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The Forum > Article Comments > GST change is not the answer > Comments

GST change is not the answer : Comments

By Peter Hendy, published 11/8/2014

I have a warning for my Liberal and National Party colleagues: speculating on increasing the revenue take from the GST is playing with fire.

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< The Premiers are calling for more tax revenue to fund massive increases in education and health expenditure that were promised by prime ministers Gillard and Rudd. >

Why is it, Peter Hendy, that politicians of both persuasions seem to have an enormous blind spot with this whole issue?

Why is it always all about increasing funding – increasing and refining the tax base – in order to meet our almost overwhelming need for improvements in education and health?

Why do we never hear anything about the other side of the coin – the rapidly, constantly and neverendingly increasing demand for all of this which is comes as a direct result of our absurdly high immigration rate?

Surely it has got to be about both supply and demand, and not just constantly about only the supply side.

The day that your Coalition buddies, and the Opposition, start talking about the demand side, and the need to reduce the immigration rate directly in relation to health, education and all other infrastructure and services, will be the day I start to gain a basic level of respect for them.

Perhaps the biggest issue of all here is that any increase in GST or any other refinement of the tax system that reaps the government a significantly bigger return, would predominantly go into the DUPLICATION of basic infrastructure and services to meet the needs of new immigrants and into repairing or upgrading existing I&S that has become overburdened by this rapid population growth. And scant little of it would actually go into real improvements of the sorts that would significantly benefit current residents.

We are having great difficulties in simply keeping up the basics for the increasing population. So.. what should we do about this? Should we continue to have very high immigration and to struggle with it all, knowing that the task is nigh on impossible even if the tax take was to suddenly become considerably larger…

… or should we pull tight back on immigration and give ourselves a fighting chance for the supply side to catch up with the demand?
Posted by Ludwig, Monday, 11 August 2014 9:25:04 AM
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Agree with most of this Peter.
The GST was introduced against the express wishes of around 87% of Australian voters.
Moreover, it was merely revenue surety, masquerading as real reform!
And rather than simplifying our tax system it massively complicated it.
It transferred the tax burden from the wealthy to the poorest, and was labeled by some democrats as a granny killing measure.
And when Honest John faced the electors, after forcing his hugely unpopular reform through, he won the resulting election, with just 49% of the two party preferred! This simply wasn't a mandate by any fair-minded measure!
A bombastic Beasley, would have done better, if he had stayed the course, differentiating new labor from the coalition, instead becoming a me too, pale shadow.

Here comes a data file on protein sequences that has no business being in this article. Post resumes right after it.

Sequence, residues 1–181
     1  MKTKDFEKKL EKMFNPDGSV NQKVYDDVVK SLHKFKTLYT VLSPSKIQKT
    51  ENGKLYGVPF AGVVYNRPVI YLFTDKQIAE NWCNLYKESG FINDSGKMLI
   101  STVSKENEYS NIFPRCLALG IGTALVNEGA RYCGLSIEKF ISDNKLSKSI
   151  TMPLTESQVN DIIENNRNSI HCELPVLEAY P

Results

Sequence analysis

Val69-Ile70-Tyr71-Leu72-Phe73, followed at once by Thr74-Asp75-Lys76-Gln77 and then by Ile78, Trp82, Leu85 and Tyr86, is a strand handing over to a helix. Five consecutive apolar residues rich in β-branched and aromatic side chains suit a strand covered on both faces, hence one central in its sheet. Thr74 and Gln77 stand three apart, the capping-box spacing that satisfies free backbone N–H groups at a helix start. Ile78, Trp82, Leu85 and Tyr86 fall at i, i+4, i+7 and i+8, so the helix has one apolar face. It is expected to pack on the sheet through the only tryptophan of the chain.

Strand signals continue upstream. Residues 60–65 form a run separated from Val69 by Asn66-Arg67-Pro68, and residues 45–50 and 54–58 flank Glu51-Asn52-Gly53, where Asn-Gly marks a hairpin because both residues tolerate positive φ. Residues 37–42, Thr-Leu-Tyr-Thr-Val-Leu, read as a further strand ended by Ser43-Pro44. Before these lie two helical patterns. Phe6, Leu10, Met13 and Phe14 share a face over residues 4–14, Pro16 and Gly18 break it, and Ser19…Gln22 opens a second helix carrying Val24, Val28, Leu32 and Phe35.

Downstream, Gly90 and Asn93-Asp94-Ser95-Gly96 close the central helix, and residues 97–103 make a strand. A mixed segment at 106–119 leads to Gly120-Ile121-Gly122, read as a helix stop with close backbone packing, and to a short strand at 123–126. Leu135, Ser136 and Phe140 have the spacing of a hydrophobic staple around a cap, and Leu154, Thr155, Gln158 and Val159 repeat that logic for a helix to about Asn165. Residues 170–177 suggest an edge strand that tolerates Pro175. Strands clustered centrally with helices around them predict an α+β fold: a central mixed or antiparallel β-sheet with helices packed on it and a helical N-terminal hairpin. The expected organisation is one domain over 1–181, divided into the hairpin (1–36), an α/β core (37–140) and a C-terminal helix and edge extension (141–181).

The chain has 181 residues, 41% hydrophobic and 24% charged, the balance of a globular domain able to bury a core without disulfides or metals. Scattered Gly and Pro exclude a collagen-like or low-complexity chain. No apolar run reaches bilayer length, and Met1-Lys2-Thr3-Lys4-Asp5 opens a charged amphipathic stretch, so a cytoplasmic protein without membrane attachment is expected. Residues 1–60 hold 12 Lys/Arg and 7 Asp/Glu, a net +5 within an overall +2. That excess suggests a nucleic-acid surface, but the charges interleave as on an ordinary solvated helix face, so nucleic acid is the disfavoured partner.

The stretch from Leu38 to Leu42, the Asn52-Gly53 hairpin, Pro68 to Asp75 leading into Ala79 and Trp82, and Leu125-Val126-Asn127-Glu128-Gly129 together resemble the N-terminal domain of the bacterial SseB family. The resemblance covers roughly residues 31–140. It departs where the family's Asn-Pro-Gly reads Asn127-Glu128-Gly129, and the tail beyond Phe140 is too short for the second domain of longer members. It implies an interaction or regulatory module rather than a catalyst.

The GST was introduced to allegedly combat the off-shoring of around 95% of corporate Australia, who took their former tax liabilities with them.
We could increase the GST, and apply it to all goods and services, if you're locked into conventional economic theory, and then offset any real harm, by doubling the pension?
And while that's an option, I prefer a radical departure, from conventional thinking; on the grounds of doing what you've always done, gets you just what you've always got!
If there's a revenue shortfall, it could be completely cured, just by completely eliminating all forms of welfare for the rich, reform which would boost the budget bottom line by some 70 billions, or if you will, by 20 billions more than the current deficit.
Meaning debt could also be wound back and or repaid in just five or so years. Belt tightening should be applied more heavily on the better off, rather than those whose budgets are so low, they can on longer afford winter heat, or even more importantly, summer heat wave cooling! Continued.
Posted by Rhrosty, Monday, 11 August 2014 9:46:25 AM
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A national emergency, would allow all state govts to be suspended, as they were during WW11. And that simple measure, would save the most over-governed nation on earth; bar one, a further 70 billions PA!
And indeed, without loss of a single service; and allow the govt just to crack on with what must be done.
And there's around 30% current expenditure to be saved, without said national emergency, just by granting complete local autonomy, and a direct funding paradigm.
Bound to be resisted by many often seemingly corrupt state governments, given it would shrink them and or the power they wield.
Even as they waste billions of increasingly scarce resources, just puffing themselves up, or promoting pure self interest!
I mean just look at the real estate holdings of politicians, and just what state laws and a failure to release enough urban land, has done to house prices etc!?
What we really need is to throw the whole rotten mess out, and replace all that extraordinary costly complexity, with a single stand alone, unavoidable expenditure tax.